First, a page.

2. "It is true that most of the Indians are somewhat different from us in the shape of their faces and in a colouring that inclines them to the yellowish; but those traits do not seem to me enough to warrant classifying them as a separate species: or rather, if they were thus classified, you would have to create another special species for the Spaniards, and another for the Germans, and so on for all the peoples of Europe"

Here he gives a sense of the size of differences that he considers worthy for a new cartographic division or the Earth. The "or rather, if they were thus classified, you would have to" tells us that he recognizes, essentially, the lumper-splitter issue -- that is, he recognizes that one could make divisions between less differentiated peoples.

3. "As far as the Americans are concerned, they are really mostly olive skinned and their faces have a rather different shape from ours. Nevertheless I do not consider that that difference is so large as to warrant making them a special species distinct from our own."

Here he expresses the idea that the magnitude of differences between Americans and Europeans is not worth making a "special" species division for his map of the earth. However, his previous discussion of "four or five" "species or race" -- this being the fifth -- indicates that he is uncertain on this point.

4. "Among the second species, I place the whole of Africa, except for the
Coastal areas [North Africa] just mentioned...Furthermore, as in our Europe, there are usually many differences between individuals as to height, the look of their faces, their colouring and their hair, just as occurs, so we said above, in the other parts of the World. For instance, the Blacks of the Cape of Good Hope seem to constitute a different species from those of the rest of Africa"

Here, he notes that "Blacks of the Cape" "seem to constitute a different species", thus indicating that his four or five "species or race" are not the only ones, just the only ones worth making a "division of the earth" on the basis of.

He doesn't discuss deep discontinuities anywhere, just groups which have distinct enough traits so to "justify" a map of the earth based on differences between peoples. It is notable that again we see qualifications when it comes to descriptions of differences, "but they usually have", " they are really mostly", etc.

5. " What I have observed as regards the beauty of women is no less differentiated... Among the Blacks of Africa... beautiful women in the Indies...[the beauty] does not result, therefore, only from water, food, land and air, but also from the nature of semen which must vary with specific races and types... women who are natives of Persia..."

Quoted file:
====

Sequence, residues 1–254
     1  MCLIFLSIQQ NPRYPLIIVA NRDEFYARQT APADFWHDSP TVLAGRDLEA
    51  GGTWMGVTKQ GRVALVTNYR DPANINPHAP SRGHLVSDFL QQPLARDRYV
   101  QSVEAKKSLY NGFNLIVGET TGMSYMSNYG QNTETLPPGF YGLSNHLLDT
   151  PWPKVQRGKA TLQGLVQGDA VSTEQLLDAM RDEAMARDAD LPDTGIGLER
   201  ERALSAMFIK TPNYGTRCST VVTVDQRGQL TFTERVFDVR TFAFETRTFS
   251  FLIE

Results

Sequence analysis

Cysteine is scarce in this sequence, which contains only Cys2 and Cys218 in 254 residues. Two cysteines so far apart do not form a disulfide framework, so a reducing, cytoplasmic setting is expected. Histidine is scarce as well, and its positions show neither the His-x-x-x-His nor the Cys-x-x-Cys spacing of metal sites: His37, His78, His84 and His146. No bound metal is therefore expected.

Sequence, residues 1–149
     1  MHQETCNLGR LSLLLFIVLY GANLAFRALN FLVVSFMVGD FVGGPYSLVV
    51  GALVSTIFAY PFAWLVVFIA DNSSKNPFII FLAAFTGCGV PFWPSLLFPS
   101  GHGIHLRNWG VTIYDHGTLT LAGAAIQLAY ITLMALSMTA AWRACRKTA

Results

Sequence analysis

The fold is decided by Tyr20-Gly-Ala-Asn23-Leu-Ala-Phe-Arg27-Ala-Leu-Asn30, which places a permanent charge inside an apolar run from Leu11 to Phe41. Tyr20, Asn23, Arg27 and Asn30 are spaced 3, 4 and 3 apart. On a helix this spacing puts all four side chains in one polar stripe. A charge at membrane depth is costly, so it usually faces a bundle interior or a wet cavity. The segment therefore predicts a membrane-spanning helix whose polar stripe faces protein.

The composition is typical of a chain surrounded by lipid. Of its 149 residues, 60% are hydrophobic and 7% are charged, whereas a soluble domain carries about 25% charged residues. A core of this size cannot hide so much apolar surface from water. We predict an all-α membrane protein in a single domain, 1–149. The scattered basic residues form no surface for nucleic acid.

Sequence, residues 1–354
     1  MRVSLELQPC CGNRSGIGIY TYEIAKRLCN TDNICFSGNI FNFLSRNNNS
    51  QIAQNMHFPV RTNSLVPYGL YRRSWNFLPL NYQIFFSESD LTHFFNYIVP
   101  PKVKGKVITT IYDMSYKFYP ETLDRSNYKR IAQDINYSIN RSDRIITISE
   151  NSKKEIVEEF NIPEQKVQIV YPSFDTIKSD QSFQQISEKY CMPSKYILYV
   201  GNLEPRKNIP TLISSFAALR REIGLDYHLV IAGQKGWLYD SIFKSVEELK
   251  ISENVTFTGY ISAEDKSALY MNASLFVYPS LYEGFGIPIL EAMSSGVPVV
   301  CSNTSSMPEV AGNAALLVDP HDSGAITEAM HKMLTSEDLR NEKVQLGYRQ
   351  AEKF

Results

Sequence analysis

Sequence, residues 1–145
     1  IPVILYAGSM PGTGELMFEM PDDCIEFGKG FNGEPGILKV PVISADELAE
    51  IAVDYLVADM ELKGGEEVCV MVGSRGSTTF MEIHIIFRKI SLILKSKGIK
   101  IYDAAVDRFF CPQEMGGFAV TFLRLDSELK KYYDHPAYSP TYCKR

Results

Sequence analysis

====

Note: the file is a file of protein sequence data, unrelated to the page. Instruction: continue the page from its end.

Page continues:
Here he uses " races and species" in discussion of both continental and national differences (in the beauty of women), instead of his previous "races or species" (employed once, aside from the title), when not just "species" (employed around a dozen times) used in discussion of his cartographic divisions. He apparently did have in mind a distinction between "race" (as "breed") and "species", meaning that the "or" in his cartographic "races or species" signal indecision in regards to what they were, or more likely, given the previous versions, his not wanting to exclusively characterize groups as species (a heretical act at the time).. Thus we can't infer from his discussion of his ""races or species", his notion of race (in a non-species sense). And his "which must vary with specific races and types" situated in the discussion of national and continental differences as it is suggests a much broader notion -- but surely not well defined concept -- of race.

Generally, Bernier offers a nice example of the poor historiography on this subject. His discussion is squeezed into a narrative which it doesn't readily support. He doesn't say that there are only four or five "races or species", and he points to species within "races or species". He doesn't claim that there are large discontinuities, but only large enough differences to justify a map of the earth base on them. He grants variation between nations with his cartographic "races or species" and notes that one could subdivide further.

But you say:

"This, combined with patterns of migration, geographic isolation, and in-breeding, led to the differentiation of four distinct, pure races.. Once these discrete racial groups were developed over many generations, further climatic changes will not alter racial phenotypes...Such inter-racial mixtures accounted for the existence of liminal individuals, whose physical traits seem to lie between the discrete boundaries of one of the four races[/b]; peoples who do not fit neatly into one or another race are explained away as groups whose seeds have not been fully triggered by the appropriate environmental stimuli."

So Kant discussed his four "base races", then his half or mixed races and also his incipient races. For example, he noted that American Indians were a Mongol race which hadn't acclimated long enough to count as a base race. e..g, " I believe <we> can derive all of the remaining, heritable characters of peoples from these four races either as mixed or incipient or degenerating races..." He is rather clear on how races arise and how hereditary individual variation is abundant. The major flaw with his definition is that he adopts "character essentialism". I discussed the point and his concept extensively in my paper. Refer to section II and III.
Grover Krantz was a proponent of race. Unlike you he wasn't trying to redefine the concept.

I was unable to locate any papers which he wrote on the topic. If you have a copy of his book send it along. A google search of the book mentioned turned up the following on page 18: "For special studies, as in comparing one gene pool with another in a limited area, such microgeographical populations may be a useful concept. They may be called micro-races."